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CIPD survey reveals one third of employers actively exclude certain disadvantaged groups from their recruitment process

New research jointly commissioned by Chartered Institute of Personnel and Development (CIPD) and KPMG reveals a startling picture of employer bias towards disadvantaged groups. Less than one in four employers have hired from disadvantaged groups, such as ex offenders, young people with no qualifications and the long term unemployed during the last three years.

The survey also reveals that when employers were asked to rate these groups in terms of performance with other employees, employers rated their performance generally equal to that of other employees. The report concludes that there is an unfair negative attitude towards these groups and more needs to be done by government to help overcome barriers.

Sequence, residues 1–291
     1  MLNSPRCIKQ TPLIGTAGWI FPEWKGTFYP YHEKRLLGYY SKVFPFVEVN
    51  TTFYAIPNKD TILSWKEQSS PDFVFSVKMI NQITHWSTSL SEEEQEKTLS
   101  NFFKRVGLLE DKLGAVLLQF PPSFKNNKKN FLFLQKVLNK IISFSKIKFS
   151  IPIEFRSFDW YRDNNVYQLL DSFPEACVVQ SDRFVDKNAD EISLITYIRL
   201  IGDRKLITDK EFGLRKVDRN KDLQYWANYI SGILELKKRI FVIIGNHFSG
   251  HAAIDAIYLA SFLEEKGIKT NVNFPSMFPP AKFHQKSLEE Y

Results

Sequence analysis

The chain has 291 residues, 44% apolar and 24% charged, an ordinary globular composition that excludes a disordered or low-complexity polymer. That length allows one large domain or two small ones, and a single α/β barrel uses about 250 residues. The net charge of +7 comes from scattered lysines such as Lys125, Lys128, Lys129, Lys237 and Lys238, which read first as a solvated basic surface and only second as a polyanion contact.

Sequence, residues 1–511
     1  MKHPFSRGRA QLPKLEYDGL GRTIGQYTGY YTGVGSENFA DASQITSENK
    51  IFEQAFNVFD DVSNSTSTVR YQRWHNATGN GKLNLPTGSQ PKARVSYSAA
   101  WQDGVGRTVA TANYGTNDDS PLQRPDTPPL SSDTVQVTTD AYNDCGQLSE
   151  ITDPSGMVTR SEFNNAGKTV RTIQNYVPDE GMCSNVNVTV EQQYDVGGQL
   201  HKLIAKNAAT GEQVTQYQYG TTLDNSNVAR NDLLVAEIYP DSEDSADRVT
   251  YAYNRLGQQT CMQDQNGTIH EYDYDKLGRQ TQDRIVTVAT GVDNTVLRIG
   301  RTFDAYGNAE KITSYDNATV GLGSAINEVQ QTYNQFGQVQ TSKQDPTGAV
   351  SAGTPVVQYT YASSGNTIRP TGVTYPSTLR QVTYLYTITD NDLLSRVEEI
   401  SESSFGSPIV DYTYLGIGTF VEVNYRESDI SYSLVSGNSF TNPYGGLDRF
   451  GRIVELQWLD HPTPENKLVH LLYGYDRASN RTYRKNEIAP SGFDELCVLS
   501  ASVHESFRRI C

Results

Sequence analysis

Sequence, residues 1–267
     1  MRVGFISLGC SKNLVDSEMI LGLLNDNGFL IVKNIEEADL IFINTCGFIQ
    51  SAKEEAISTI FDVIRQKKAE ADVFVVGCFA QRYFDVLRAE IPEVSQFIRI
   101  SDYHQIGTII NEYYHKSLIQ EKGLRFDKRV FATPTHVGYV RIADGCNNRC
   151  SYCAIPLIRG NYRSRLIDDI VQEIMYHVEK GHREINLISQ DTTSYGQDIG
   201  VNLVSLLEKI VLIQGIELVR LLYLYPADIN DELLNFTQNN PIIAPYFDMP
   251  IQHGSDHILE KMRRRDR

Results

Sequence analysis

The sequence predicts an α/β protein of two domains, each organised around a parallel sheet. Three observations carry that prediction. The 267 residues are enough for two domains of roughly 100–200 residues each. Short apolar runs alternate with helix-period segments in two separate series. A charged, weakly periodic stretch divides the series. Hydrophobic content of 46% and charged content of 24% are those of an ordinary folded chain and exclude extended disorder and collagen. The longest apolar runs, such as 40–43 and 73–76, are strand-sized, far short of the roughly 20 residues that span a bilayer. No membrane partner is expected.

Around one third (32%) of employers actively exclude certain disadvantaged groups from the recruitment process. Although this is an improvement from 2005 when a similar CIPD survey found that 62% of employers excluded one or more disadvantaged groups from the recruitment process, however it still represents a wide section of the workforce being actively excluded.

Nearly one fifth (19%) of employers will not even consider applications from ex-offenders, 16% of employers exclude young people aged 18 and under with few or no qualifications and 9% of organisations exclude applications from people aged over 65 or older.

Commenting on the findings Gerwyn Davies, CIPD Public Policy Adviser, said:

“The extent of exclusion is not in every case justified on the basis of the potential of almost every target group. For example, employers with experience of employing ex-offenders consider them at least as productive as other workers and a majority of employers consider them to be more loyal than the rest of the workforce. This would suggest that people with criminal records and individuals from other target groups are in many cases being unfairly excluded from the recruitment process. More must be done therefore by policy makers, working with employers, to challenge these often inaccurate and negative stereotypes.”
 

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